The First World War study day held on Friday 30 March and organised by the Department of German saw the launch of Gateways to the First World War, one of five AHRC-funded centres designed to enhance public engagement and mark the centenary of the conflict. Gateways is based at the University of Kent and brings together a team of researchers from the Universities of Portsmouth, Brighton, Greenwich, Leeds and Queen Mary, London. One of the key aims of the Gateways project is to encourage academics and the wider public to work together to discover connections between the local and the global during the First World War.
The First World War study day provided fascinating debate and discussion on the First World War and its commemoration and included a panel discussion chaired by the event’s organiser, Dr Deborah Holmes, Head of the Department of German, and featuring Dr Emil Brix, Austria’s Ambassador to the UK, Dr Suzanne Bardgett, the Imperial War Museum’s Director of Research, and Dominiek Dendooven of In Flanders Fields Museum, Belgium. The panel discussed both the problems and benefits of commemorating an event often complicated by ‘contested memories’. Dr Brix expressed his belief in the importance of European collaboration in the commemoration of the war.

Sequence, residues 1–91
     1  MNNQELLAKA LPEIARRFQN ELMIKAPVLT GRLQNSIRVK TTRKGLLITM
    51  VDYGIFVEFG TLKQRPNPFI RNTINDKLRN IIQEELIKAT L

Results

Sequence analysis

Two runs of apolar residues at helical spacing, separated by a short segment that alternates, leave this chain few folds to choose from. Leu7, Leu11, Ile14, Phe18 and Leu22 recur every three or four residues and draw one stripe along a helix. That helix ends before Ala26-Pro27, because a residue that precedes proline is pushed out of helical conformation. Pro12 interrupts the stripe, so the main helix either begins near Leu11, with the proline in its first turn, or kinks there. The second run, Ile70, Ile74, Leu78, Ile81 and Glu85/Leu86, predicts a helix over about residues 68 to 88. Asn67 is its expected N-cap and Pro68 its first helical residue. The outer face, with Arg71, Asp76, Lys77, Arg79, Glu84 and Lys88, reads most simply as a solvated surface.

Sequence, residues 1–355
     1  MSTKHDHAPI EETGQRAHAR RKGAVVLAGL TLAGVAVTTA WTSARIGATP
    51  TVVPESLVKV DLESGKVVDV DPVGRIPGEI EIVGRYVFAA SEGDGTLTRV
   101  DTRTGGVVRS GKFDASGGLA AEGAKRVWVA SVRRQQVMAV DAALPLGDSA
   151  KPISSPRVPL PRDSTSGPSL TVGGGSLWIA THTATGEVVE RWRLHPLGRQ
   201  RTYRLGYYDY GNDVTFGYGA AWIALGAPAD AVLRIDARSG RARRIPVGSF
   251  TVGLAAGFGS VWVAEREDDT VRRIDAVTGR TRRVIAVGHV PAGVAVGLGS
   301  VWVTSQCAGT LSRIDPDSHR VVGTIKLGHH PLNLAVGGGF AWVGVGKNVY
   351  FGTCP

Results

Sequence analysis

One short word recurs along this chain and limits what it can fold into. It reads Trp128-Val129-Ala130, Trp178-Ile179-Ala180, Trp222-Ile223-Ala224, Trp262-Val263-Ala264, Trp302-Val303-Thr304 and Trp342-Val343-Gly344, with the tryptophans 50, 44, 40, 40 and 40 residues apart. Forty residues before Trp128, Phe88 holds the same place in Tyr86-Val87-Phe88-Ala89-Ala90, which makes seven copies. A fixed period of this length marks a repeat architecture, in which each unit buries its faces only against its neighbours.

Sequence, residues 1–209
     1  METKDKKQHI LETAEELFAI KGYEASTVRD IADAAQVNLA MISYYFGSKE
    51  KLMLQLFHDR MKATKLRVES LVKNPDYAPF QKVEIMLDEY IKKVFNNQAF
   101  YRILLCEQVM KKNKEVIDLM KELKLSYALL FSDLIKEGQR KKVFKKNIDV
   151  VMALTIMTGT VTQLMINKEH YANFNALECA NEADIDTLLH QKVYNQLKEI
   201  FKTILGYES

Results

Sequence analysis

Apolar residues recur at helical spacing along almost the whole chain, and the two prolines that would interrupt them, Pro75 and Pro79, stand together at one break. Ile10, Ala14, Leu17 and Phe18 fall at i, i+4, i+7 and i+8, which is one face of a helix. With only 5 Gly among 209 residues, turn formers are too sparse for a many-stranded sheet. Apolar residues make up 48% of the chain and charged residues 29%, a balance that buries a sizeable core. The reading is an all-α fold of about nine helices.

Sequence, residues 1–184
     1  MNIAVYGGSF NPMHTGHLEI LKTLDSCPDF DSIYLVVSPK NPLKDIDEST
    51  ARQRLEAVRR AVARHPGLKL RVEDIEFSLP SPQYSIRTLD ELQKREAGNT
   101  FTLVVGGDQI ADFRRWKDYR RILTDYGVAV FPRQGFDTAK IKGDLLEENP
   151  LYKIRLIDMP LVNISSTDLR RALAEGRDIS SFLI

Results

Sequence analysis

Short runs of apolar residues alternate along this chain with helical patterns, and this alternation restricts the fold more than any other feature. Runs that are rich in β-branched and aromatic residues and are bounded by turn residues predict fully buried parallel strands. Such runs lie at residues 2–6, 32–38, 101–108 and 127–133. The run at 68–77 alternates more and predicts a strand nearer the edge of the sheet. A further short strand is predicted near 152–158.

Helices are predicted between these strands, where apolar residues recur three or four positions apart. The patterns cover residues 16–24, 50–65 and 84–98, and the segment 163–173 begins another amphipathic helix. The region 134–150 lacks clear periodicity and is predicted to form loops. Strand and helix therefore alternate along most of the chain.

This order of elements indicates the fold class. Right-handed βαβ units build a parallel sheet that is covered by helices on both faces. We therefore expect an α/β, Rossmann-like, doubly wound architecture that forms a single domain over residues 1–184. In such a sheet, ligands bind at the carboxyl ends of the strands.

The panel discussion was followed by an illustrated lecture by Director of Gateways’ Professor Mark Connelly, of the School of History and the events co-organiser Dr Heide Kunzelmann, of the German Department, presenting photographs taken of troop mobilisation and prisoners of war in 1914 by Dr Kunzelmann’s great-grandfather, a medical officer in the Habsburg Army.
Further details of Gateways to the First World War and the study day, including photographs, are available on the following site: